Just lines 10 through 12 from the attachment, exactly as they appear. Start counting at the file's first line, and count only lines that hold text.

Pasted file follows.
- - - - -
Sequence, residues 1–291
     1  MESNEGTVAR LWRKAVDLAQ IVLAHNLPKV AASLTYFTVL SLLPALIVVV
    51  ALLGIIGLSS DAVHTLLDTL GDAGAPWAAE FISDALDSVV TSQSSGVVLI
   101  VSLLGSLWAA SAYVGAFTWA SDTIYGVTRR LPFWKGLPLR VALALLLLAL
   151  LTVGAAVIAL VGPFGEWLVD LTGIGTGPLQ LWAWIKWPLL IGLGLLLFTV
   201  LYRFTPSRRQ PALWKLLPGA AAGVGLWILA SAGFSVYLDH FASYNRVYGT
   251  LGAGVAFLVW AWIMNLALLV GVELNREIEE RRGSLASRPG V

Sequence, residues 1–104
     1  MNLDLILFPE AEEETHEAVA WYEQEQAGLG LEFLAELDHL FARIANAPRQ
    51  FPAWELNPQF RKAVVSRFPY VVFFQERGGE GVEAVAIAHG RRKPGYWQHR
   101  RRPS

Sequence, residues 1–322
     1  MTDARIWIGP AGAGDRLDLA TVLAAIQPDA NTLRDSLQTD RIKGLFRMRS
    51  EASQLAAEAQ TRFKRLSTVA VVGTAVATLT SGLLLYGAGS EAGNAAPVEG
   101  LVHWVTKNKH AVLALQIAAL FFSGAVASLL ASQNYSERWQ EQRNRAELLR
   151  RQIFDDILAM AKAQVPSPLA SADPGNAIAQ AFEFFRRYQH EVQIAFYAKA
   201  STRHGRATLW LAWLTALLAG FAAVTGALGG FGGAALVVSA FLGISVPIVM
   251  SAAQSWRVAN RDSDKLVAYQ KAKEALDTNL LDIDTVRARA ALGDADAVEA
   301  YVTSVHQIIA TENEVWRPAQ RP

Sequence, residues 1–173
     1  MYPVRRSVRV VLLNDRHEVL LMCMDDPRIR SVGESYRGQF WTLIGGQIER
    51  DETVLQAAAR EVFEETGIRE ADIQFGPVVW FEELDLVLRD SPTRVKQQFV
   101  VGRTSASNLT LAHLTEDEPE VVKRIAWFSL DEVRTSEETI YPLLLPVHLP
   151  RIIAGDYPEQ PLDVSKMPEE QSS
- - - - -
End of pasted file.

    51  FPAWELNPQF RKAVVSRFPY VVFFQERGGE GVEAVAIAHG RRKPGYWQHR
   101  RRPS

Sequence, residues 1–322